It didn’t help either to know that the Madrasah’s lack of resources is a systemic issue. In 1999/2000, the Madrasah problem came to light in Parliament because the rate of enrolment was increasing at such an exponential rate, even though most of the graduates “did not have much economic prospects.” The solution to educational institutions that didn’t have enough resources and access to governmental educational aid? Introducing the Compulsory Education Act that would require all Madrasah students to sit for the national Primary School Leaving Examination (PSLE), and set a standard for them to reach, following which if they are unsuccessful, a closure of their Primary One intake, until their Primary Sixes can reach the required standard and save the school from shutting down.
Another problem with the curriculum was the fact that most of the teachers were not NIE-trained (National Institute of Education), aside from the occasional short-length courses. They were rarely qualified enough to teach the subjects they were assigned to, and some often relied on online notes, which were also accessible to us students. This lack of training or qualification not only meant that some teachers were unable to teach efficiently, but they were also oblivious of the subject syllabus and its demands. Oftentimes, this forced us to self-teach and rely on friends who were informed on the subject syllabus because of their interactions with students from other Madrasahs/Junior Colleges. This often creates the illusion that Madrasah students are ‘independent’ and ‘resourceful’, but a forced ‘independence’ only reflects a broken system that cannot afford to provide a meaningful education.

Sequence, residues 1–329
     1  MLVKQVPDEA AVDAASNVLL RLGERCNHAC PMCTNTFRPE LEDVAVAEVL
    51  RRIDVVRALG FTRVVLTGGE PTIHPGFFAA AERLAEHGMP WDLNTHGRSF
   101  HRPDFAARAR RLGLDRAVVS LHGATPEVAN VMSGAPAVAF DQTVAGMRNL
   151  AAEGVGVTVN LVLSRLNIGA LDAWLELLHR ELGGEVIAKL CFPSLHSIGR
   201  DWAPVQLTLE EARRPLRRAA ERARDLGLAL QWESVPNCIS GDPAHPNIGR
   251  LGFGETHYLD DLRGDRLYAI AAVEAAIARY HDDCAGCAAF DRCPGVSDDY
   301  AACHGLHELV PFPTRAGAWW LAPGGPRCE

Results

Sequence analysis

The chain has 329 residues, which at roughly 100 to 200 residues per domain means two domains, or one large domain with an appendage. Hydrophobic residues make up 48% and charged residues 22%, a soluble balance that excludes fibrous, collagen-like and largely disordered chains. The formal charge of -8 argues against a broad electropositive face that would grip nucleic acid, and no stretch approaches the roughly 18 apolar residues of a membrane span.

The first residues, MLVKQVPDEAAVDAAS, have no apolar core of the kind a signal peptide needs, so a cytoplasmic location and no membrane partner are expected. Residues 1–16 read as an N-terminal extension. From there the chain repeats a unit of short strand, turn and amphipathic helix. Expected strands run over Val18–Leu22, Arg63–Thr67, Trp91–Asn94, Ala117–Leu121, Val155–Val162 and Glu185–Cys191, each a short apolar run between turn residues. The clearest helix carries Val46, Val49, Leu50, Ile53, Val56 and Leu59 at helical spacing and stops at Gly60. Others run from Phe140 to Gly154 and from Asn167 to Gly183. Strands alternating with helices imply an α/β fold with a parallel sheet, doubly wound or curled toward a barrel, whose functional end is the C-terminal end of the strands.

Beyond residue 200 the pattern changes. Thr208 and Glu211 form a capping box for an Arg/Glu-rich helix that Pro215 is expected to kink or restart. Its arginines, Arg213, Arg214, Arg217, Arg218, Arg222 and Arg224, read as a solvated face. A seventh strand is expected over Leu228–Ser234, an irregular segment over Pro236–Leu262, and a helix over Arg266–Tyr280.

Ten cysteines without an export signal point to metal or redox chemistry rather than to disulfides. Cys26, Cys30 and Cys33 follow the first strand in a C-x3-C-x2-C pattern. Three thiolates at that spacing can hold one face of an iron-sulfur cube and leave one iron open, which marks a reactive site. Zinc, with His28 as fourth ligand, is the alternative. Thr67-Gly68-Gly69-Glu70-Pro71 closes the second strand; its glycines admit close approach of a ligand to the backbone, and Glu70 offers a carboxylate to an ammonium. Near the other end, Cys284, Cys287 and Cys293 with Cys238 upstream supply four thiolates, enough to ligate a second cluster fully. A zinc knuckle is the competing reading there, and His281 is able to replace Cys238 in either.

At the end of the day, all of this accumulated dissatisfaction and frustration towards the Madrasah system—how it worked, how the teachers taught (or didn’t), and the poor relationship dynamics—affected how I saw religious institutions. Conventional religious knowledge tells you that these are the institutions that have your best interests at heart and are supposed to serve the community and God, but at the end of the day, they are still made by people, run by people, for people. My Madrasah experience has taught me a lot about how people will always have their personal interests at best, even if they are working in places that are deemed to be “selfless”. Now, I see faith as a personal complex, and that means I have a choice of standing by with religious authorities or figures that represent my principles and interests. And of course, my experience wasn’t absolutely horrible. There were some high points throughout my educational experiences, but I don’t feel the need to express them when their good points have always been part of the mainstream conversation in our community.